Irish Passports Attract More British Applicants

Irish Passports Attract More British Applicants

Many UK residents have the right to get Irish Passports by virtue of their parents or grandparents being born in Ireland.

In 2015, before the British voted to exit the EU, there were only 46,000 applicants from Britain who wanted the Irish Passport.

Surprisingly, by 2017 end, the number of applicants had increased to 81,000.

The BBC earlier reported though wrongly, that the number of British applicants who were denied had shot up.

The Irish Department of Foreign Affairs revealed that the number of applications and the number of successful applicants who received their passports through the London embassy had a difference of about 15,000. The 15,000 however, was not the number of applications denied, but it explains the fact that not all applicants sent in their applications through the London office.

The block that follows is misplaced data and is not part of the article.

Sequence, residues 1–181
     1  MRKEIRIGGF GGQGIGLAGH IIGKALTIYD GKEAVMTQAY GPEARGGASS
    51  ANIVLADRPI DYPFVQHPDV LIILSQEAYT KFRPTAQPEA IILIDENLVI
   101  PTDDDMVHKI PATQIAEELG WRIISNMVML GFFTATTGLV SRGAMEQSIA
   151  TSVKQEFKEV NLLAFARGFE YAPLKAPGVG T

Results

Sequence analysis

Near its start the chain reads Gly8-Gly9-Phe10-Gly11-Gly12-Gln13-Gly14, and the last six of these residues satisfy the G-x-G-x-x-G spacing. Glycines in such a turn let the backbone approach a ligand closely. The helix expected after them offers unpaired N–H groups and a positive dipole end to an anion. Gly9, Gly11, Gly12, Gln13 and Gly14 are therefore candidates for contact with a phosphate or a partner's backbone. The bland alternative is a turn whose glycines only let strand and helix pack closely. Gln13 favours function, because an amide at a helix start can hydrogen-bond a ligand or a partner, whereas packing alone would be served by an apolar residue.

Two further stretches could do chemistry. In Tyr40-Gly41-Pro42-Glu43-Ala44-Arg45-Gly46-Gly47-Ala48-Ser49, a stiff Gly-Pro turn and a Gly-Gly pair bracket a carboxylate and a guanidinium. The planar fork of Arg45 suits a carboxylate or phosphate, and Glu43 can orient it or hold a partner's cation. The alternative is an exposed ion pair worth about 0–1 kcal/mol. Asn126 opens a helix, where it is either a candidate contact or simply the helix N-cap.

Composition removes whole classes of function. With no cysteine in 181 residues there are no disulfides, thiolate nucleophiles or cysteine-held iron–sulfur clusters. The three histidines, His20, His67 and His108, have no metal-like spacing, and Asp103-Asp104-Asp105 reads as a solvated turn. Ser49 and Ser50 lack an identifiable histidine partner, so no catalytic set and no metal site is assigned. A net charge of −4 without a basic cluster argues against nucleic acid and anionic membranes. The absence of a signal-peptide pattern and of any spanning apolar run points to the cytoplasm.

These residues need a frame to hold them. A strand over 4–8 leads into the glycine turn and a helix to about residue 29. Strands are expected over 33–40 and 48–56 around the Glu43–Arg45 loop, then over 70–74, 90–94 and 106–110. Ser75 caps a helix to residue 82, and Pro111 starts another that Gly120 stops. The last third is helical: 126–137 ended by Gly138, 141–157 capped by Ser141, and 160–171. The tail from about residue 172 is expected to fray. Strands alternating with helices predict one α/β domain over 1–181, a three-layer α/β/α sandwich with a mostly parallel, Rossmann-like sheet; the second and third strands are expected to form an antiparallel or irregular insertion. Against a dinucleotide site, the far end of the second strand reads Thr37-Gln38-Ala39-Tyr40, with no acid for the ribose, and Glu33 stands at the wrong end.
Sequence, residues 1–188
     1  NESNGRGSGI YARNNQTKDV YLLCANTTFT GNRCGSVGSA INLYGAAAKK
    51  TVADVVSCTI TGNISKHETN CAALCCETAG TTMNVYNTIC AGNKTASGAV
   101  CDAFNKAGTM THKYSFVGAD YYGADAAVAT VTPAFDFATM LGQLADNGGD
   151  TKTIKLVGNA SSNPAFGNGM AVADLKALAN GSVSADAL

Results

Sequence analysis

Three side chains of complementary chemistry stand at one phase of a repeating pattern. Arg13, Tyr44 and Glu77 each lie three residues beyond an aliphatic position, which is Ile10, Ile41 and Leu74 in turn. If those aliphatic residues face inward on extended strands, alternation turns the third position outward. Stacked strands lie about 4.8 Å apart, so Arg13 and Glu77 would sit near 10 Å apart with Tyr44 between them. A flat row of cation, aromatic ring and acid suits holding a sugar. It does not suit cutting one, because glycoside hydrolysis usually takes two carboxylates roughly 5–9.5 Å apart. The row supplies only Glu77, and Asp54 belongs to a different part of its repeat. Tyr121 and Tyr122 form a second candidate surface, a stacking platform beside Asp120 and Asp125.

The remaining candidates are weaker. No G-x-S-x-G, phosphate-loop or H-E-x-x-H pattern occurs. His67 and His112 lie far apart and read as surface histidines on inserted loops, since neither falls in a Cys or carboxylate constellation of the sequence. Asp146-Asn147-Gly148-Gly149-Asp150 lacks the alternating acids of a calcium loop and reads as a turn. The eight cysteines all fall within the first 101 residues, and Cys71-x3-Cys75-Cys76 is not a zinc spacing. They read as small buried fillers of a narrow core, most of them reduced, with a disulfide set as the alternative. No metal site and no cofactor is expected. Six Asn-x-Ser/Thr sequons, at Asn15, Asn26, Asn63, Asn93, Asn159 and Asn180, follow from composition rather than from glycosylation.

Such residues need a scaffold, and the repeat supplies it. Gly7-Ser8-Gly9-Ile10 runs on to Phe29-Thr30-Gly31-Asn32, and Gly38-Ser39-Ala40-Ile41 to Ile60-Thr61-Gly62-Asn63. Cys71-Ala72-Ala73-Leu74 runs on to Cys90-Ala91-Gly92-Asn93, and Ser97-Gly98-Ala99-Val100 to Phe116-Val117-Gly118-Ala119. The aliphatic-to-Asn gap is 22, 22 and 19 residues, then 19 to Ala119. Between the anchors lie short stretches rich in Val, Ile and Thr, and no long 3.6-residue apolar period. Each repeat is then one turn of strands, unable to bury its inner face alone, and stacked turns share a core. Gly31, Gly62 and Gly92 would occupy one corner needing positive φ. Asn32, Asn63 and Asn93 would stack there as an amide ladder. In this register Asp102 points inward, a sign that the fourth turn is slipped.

By having an Irish Passport, British citizens will retain their ability to travel without visas all over the EU, the outcome of the Brexit negotiations notwithstanding.

By the end of May 2018, there had been 45,000 applications from British citizens who wanted an Irish Passport. Since 2016, the Irish Embassy in London has issued over 176,000 passports. This record is over 10 times the number issued by any other office.

Neale Richmond, who is the chairman of the Brexit Committee of Ireland’s Senate, said the staff at the embassy expects to be their busiest in 2018.

A standard Irish passport has a 10-year validity, and it cost €80 which is equivalent to £71.

Who can get an Irish Passport?

The Irish Passport can be issued to those who:

a) Were born before the first of January, 2005, in Northern Ireland or the Republic of Ireland.

b) Were born in Ireland after January 1, 2005, but have their parents as Irish British citizens.

c) Were born elsewhere but have parents or even grandparents born in Ireland who are Irish citizens.

There are some exemptions though.

About 10% of British citizens are entitled to the Irish Passport, and with Brexit coming, the hope for the rate of applications for Irish Passports coming down is not in sight.

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